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  • State workers gather outside the Labor Ministry demanding a halt in job cuts as part of a protest in Buenos Aires, Argentina, Dec. 29, 2015.

    State workers gather outside the Labor Ministry demanding a halt in job cuts as part of a protest in Buenos Aires, Argentina, Dec. 29, 2015. | Photo: Reuters

Published 29 April 2016

Thousands of unionized Argentine state workers are protesting the labor policies of President Mauricio Macri, who took office in December.

About 100,000 members of Argentina’s largest trade unions are expected to stage protests strikes on Friday to demand higher wages, pension benefits and an end to mass layoffs that have hit the public sector as a result of controversial labor policies carried out by President Mauricio Macri. 

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The rallies, which take place ahead of International Workers’ Day on Sunday, are being coordinated by the Center for Argentine Workers (CTA) and General Confederation of Workers (CGT), are expected to include the participation of up to 100,000 workers, organizers estimated. 

“Macri is against the workers,” Hugo Moyano leader of the DGT said yesterday, criticizing the president for failing to engage in dialogue with union representatives over the job losses.

Macri's administration has said it has cut 10,000 workers across various government ministries, and that more layoffs may be coming. Unions say around 70,000 have been cut.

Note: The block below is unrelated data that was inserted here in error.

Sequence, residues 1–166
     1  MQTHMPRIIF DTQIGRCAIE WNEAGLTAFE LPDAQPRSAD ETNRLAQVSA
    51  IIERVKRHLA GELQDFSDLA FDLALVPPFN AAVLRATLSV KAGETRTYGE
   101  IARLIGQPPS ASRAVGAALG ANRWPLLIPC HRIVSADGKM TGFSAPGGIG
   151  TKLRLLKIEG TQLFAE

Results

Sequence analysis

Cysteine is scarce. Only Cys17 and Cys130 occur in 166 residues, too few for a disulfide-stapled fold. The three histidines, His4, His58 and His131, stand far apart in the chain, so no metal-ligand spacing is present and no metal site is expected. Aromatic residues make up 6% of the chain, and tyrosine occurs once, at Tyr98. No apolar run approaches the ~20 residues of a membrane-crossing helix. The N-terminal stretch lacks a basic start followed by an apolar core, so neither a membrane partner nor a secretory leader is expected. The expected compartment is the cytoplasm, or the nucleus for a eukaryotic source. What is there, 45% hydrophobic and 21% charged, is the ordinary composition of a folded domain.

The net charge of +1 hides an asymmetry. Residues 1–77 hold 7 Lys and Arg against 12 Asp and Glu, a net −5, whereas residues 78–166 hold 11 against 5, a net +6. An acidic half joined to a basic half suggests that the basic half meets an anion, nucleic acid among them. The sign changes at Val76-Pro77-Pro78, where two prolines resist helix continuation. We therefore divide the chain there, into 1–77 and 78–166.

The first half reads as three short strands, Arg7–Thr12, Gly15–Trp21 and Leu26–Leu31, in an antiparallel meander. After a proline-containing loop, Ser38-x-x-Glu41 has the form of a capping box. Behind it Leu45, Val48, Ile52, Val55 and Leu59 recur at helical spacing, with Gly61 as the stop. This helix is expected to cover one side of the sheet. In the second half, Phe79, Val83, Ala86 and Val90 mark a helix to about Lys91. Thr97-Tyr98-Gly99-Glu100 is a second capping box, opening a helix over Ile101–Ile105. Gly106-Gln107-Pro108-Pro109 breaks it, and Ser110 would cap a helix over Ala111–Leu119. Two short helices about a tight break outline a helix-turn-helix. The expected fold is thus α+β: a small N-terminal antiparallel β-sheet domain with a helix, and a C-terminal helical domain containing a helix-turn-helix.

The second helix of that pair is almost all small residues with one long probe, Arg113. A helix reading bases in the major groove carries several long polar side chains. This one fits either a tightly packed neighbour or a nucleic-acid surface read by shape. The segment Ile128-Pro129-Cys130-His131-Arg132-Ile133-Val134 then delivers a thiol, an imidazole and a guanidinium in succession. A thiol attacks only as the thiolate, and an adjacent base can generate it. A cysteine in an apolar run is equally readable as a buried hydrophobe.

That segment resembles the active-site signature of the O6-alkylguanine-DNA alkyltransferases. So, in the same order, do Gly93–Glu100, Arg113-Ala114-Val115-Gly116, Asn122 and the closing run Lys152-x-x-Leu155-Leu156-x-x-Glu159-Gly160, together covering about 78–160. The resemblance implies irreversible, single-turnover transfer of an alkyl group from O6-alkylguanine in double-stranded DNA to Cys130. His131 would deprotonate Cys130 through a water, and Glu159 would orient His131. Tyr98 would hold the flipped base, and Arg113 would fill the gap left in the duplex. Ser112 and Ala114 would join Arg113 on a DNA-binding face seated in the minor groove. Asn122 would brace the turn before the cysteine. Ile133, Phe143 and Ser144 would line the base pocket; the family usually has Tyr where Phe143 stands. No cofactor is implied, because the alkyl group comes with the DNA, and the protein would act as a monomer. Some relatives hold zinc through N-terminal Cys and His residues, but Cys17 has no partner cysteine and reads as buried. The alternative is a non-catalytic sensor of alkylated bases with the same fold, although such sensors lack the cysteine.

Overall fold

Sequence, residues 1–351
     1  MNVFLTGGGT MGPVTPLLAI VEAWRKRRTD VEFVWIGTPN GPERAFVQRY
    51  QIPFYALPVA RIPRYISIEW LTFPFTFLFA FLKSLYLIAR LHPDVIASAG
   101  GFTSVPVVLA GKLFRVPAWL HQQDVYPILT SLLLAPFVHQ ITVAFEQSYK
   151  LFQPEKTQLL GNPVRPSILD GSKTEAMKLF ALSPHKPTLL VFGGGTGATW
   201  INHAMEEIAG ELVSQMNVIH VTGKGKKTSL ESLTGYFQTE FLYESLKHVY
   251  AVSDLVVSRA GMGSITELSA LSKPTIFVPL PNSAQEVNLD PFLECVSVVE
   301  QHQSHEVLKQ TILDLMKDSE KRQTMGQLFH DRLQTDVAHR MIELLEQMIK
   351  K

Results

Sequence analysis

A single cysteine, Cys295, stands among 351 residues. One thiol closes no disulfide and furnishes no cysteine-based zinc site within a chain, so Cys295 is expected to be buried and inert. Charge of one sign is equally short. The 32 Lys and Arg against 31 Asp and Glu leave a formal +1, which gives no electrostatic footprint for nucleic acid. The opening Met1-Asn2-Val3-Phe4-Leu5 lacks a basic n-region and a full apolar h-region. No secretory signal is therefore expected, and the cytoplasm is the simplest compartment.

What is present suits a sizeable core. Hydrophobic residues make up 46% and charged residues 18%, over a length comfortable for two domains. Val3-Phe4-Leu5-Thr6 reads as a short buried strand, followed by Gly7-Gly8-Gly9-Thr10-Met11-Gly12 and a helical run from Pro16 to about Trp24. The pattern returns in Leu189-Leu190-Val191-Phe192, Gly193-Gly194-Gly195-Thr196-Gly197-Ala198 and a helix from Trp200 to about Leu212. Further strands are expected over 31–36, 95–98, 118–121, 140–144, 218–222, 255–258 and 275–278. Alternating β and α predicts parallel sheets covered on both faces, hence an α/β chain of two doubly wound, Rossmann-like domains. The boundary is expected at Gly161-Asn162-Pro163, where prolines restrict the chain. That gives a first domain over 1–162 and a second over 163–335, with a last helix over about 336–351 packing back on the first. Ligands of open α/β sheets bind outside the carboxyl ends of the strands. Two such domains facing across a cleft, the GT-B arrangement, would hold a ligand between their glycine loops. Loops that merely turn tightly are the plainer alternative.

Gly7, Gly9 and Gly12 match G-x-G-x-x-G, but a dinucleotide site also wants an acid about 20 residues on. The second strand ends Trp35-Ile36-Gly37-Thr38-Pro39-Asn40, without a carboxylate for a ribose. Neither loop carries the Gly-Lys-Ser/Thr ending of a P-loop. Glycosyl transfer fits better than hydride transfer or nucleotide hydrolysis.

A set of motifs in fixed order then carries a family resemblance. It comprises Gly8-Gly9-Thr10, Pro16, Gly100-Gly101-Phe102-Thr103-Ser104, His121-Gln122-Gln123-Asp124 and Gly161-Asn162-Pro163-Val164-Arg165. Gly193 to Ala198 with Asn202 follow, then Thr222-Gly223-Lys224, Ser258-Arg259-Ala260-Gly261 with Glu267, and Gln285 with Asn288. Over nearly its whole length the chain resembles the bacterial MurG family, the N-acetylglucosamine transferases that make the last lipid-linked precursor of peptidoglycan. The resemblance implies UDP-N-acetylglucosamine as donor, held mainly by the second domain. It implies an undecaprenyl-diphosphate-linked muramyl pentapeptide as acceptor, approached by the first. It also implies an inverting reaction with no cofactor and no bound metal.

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Mauricio Macri Fires 10,000 Argentine Gov't Employees in 7 Days

Friday's protests take place as the Argentine head-of-state is threatening to veto a bill that was approved by the Senate on Wednesday, which seeks to ban dismissals in both the public and the private sector. 

WATCH:Argentina: Bank Workers on 24-Hour National Strike

High-ranking union leaders have vowed to expand protests if President Macri elects to use his veto powers to outlaw the emergency labor bill that was passed through the senate earlier this week. 

“If the president uses his veto against the anti-layoffs bill we will expand our actions,” Union representative of the CTA Pablo Micheli stated. 

The bill has yet to be discussed in the Lower House of Congress. 

However, the head of the CTA, Hugo Yasky echoed similar sentiments on Thursday telling teleSUR English that, “If the bill is passed and then vetoed, it would be a denial of the right to demand a law against layoffs and it would also deny the Congress the ability to correct the policies carried out by the executive branch.”

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